Having just watched this episode I think it is a valid point. Certainly the tone is reminiscent of The Prisoner, and the blurring of reality and illusion, and the very subtle hints of surrealism, all do tend to confirm the point. There’s even an odd hand signal, rather like the one in The Prisoner.
John Drake finds himself in trouble with his boss, Mr Lovegrove, for owing a large amount of money to a gambling club. Gambling is a weakness that cannot be tolerated in an agent, making him far too vulnerable to blackmail. The only problem is that Drake has never even been inside the gambling club in question.
Drake decides it might be a very good idea to pay a visit to this club. It’s obvious that something is going on there - it’s certainly no innocent gambling den. Drake is puzzled, and he’s even more puzzled when he sees Mr Lovegrove there. In fact Mr Lovegrove seems to be everywhere.
The ending will annoy some viewers while others will be infuriated (which is of course the effect that the final episode of The Prisoner had). To be fair though the ending should not come as a surprise - it is pretty thoroughly foreshadowed.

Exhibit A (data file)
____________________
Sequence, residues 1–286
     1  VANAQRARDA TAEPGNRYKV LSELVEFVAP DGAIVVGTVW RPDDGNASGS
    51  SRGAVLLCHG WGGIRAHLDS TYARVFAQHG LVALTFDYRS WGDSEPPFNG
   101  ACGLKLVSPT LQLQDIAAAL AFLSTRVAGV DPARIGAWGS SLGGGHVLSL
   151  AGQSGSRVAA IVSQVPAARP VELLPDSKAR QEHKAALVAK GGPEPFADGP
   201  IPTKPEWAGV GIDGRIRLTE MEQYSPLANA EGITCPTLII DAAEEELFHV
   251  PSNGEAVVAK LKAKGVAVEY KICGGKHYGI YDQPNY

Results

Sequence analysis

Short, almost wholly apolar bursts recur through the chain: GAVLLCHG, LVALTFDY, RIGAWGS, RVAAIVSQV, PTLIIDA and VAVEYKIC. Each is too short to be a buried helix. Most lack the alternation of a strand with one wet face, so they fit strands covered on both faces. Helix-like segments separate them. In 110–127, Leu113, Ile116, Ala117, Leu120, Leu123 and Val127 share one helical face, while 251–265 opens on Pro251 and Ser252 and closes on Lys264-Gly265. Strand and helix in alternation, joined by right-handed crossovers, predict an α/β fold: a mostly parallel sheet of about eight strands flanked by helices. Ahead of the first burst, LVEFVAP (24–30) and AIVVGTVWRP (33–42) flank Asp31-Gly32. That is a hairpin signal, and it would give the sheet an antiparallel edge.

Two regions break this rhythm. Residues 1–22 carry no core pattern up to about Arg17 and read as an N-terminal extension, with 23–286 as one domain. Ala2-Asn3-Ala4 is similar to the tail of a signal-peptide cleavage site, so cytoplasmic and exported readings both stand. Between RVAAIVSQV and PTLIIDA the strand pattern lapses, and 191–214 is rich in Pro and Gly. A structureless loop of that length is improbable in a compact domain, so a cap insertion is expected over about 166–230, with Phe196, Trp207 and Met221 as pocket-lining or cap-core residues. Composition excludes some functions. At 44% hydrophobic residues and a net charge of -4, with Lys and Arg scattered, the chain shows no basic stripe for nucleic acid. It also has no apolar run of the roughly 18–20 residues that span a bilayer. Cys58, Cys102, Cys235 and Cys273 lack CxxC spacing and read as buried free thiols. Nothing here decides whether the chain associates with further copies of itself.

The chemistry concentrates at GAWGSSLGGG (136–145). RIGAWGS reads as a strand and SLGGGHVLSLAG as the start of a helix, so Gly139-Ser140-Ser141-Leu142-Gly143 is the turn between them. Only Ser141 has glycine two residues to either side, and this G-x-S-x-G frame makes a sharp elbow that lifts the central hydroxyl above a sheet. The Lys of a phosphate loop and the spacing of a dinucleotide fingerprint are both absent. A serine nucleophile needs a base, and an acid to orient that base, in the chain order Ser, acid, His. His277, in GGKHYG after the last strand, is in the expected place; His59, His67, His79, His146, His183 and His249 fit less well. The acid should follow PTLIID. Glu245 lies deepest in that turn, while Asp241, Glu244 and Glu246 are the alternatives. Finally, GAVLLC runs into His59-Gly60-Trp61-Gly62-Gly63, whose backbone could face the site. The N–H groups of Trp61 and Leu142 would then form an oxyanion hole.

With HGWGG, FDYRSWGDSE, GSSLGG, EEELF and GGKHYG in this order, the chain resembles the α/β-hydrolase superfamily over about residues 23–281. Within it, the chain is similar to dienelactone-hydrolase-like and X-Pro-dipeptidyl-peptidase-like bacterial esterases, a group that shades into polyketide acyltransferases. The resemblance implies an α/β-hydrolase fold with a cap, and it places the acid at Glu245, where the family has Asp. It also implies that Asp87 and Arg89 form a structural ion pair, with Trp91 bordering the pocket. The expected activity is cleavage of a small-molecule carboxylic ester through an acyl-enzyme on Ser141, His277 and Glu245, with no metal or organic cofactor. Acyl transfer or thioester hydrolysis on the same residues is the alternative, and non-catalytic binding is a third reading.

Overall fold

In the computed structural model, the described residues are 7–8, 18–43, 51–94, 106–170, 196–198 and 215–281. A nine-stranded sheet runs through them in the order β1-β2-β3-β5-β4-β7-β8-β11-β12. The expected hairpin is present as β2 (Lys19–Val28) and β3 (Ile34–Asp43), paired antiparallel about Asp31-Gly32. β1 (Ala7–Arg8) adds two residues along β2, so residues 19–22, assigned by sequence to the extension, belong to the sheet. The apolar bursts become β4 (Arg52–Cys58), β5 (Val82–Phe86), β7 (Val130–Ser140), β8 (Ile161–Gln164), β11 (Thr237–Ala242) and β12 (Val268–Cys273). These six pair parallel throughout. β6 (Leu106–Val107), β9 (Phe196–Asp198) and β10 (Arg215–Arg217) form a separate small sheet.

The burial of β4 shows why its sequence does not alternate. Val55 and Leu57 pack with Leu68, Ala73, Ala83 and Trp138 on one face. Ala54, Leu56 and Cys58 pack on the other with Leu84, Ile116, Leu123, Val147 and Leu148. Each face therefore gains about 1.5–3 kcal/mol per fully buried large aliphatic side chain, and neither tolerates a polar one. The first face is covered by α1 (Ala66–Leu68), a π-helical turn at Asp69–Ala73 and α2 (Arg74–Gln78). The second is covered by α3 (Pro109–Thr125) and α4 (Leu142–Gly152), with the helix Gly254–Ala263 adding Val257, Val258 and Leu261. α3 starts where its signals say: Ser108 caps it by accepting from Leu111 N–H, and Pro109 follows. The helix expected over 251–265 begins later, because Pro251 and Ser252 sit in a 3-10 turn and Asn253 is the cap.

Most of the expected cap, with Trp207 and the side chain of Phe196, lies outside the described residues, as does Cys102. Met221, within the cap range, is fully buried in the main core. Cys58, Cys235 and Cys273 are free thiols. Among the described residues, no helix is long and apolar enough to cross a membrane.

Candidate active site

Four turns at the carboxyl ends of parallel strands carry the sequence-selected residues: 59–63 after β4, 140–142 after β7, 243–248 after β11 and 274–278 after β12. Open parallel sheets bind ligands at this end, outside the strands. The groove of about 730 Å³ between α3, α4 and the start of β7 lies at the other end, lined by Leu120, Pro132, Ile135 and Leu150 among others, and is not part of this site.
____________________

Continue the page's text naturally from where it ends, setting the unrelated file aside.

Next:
Another link to The Prisoner is that this story also deals with identity.
Along with Colony Three (a brilliant episode) The Ubiquitous Mr Lovegrove does seem to suggest that in some ways The Prisoner was a logical offshoot of Danger Man. Both episodes are just a little on the experimental side and both have a disturbing quality to them. They give the impression of being attempts to push the edge of the envelope as far as television spy fiction was concerned.
The Ubiquitous Mr Lovegrove is quite amusing with McGoohan’s oddly detached performance working rather well. Worth a look.
The best part is the door number of his house....6!!!ReplyDelete
And by chance,these two episodes feature the great Edward Underdown, who featured in many UK films and TV shows in those years. ..ReplyDelete